Marine Operations Centre, Aberdeen

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Concrete “lighthouse” representing solidity

Built in 2006, on the north side of the River Dee estuary, the Marine Operations Centre was constructed to replace the old Roundhouse which had been in use since 1803. The Centre was designed by SMC Parr Architects, constructed by Sir Robert McAlpine, and won an Aberdeen Civic Society award.

The MOC appears at the southernmost point of the main Aberdeen beach, and sits like an exclamation point, marking the end of this stretch of coastline.

There are two main components to the building.

The white, concrete cylinder shown in the image, represents solidity, and from this position, resembles a light house. This was no accident: it was the architect’s intent. This cylinder houses the stairwell and other amenities.

The remaining section of the building, shown briefly in the image to either side of the cylinder, contains the business area of the premises. This section is glazed throughout and is shaped somewhat like a semicircular sail caught in the wind. According to the architect, this element of the design represents light.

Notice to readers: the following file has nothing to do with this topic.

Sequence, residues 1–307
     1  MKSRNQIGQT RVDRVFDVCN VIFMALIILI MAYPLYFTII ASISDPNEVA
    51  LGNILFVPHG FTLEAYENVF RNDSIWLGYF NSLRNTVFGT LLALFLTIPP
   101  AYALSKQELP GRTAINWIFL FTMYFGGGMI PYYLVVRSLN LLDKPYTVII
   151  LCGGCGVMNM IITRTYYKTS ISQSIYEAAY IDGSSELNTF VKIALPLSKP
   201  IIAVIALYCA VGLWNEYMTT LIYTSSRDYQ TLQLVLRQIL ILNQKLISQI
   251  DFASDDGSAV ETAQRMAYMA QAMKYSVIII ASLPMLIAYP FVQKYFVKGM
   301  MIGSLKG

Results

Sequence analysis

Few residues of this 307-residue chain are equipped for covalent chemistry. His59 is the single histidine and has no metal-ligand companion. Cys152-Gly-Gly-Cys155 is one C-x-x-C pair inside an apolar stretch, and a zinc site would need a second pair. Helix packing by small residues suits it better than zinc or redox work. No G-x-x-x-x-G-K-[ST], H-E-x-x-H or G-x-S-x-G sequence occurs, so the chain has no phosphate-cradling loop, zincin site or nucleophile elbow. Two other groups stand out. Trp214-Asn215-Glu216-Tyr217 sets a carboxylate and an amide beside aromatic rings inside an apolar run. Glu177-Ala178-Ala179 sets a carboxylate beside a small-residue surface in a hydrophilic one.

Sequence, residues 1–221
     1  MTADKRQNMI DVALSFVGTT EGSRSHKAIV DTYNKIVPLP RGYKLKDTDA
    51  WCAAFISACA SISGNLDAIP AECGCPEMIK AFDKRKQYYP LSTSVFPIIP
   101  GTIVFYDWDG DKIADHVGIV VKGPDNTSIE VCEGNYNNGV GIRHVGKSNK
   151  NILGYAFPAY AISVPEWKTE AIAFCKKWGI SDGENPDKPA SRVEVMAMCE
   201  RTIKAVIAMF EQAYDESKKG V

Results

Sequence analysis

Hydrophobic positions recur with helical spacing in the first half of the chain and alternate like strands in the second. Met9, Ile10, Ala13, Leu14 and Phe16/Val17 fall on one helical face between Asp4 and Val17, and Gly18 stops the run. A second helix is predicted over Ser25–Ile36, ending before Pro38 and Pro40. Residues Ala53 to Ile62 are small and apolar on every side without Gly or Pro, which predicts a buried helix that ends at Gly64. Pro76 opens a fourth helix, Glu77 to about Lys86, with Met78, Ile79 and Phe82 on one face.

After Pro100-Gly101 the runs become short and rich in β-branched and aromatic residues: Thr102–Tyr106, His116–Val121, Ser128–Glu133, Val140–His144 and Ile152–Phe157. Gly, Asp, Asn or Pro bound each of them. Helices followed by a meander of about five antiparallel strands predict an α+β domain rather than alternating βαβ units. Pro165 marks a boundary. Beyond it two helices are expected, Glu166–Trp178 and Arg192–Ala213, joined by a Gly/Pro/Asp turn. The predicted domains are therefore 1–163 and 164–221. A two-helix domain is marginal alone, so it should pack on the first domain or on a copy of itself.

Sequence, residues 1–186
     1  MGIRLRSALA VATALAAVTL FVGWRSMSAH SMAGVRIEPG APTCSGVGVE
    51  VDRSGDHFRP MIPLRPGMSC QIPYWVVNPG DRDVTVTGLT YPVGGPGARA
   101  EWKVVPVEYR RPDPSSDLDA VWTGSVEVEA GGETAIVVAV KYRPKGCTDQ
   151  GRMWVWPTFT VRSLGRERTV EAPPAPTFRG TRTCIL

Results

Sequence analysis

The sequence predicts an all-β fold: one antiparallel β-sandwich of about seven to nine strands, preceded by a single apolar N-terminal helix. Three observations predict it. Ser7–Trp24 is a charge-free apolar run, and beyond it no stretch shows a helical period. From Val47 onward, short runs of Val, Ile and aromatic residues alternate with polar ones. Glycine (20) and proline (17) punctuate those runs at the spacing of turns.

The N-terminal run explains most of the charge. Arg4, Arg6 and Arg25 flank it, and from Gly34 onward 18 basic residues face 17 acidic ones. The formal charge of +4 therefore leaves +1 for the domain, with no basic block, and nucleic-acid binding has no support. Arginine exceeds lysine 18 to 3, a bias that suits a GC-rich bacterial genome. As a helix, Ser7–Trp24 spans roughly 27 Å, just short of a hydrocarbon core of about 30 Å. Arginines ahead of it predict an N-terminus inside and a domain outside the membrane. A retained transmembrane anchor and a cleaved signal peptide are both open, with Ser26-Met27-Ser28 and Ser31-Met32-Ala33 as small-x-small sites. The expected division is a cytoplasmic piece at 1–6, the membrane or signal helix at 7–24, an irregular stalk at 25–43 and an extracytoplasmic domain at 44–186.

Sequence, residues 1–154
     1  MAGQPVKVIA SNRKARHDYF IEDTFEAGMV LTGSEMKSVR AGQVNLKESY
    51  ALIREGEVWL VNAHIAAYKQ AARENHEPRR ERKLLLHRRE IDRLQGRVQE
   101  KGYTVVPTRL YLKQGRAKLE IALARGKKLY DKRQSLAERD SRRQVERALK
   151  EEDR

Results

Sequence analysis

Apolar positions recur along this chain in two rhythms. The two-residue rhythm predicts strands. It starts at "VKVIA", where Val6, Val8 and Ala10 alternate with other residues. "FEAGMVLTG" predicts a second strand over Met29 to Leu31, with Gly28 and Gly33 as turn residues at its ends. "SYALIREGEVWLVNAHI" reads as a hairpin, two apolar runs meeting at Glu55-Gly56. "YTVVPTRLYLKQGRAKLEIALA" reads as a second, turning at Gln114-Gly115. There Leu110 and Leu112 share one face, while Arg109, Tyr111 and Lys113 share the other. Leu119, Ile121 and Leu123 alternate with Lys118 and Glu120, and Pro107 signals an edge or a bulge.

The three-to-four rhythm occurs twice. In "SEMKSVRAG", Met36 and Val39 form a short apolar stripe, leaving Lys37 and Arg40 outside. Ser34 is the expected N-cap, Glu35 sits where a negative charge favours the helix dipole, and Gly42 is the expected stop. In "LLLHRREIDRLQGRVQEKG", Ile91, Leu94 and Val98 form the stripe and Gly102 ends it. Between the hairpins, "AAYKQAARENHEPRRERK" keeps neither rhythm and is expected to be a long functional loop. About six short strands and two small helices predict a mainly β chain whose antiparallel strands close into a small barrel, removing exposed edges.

The two elements: solid and light, intersect within the centre of the building.

I have taken many shots of this building over the years. I keep coming back again and again to look at it, but have struggled to connect with it (although I find it beautiful). However, something caught my eye on this visit and it was the presence of the fencing around the property, and the security intercom system. I realise that these measures are in place for security reasons and to protect the people and operations. However, they also keep the good spirits at bay, and make the building appear stand-offish and a little isolated.

Nevertheless, I still find the Centre beautiful from all angles. In the image provided, I have tried to highlight the bright, but weathered, lighthouse element against the protection of the dark and imposing security fencing, and menacing sky.

The Centre is worth visiting (although it’s rarely open to the public, as far as I am aware). I would advise sunrise or sunset / dusk for the best views.

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Fog in the ‘Deen

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Fogger-deen

I took this mono image of the city from the Torry Battery whilst scouting a location for an upcoming photo shoot.

As I took-in the view, I noticed that the image captures a number of features of the city.

There are elements of the old: the intricate towers in the centre of the frame are Marischal College and the Citadel. To the left of these are the three cranes used in the construction of the new Marischal Square development – a project that has split the opinions of the city’s residents.

In the left of the foreground is Footdee (“Fittie”), a small fishing village based at the mouth of the river Dee. The large, imposing tower in Fittie is the Marine Operations Centre. Fishing and the sea are of great importance to the city.

The view is built-up in layers as a result of the light fog, which makes for a sense of depth.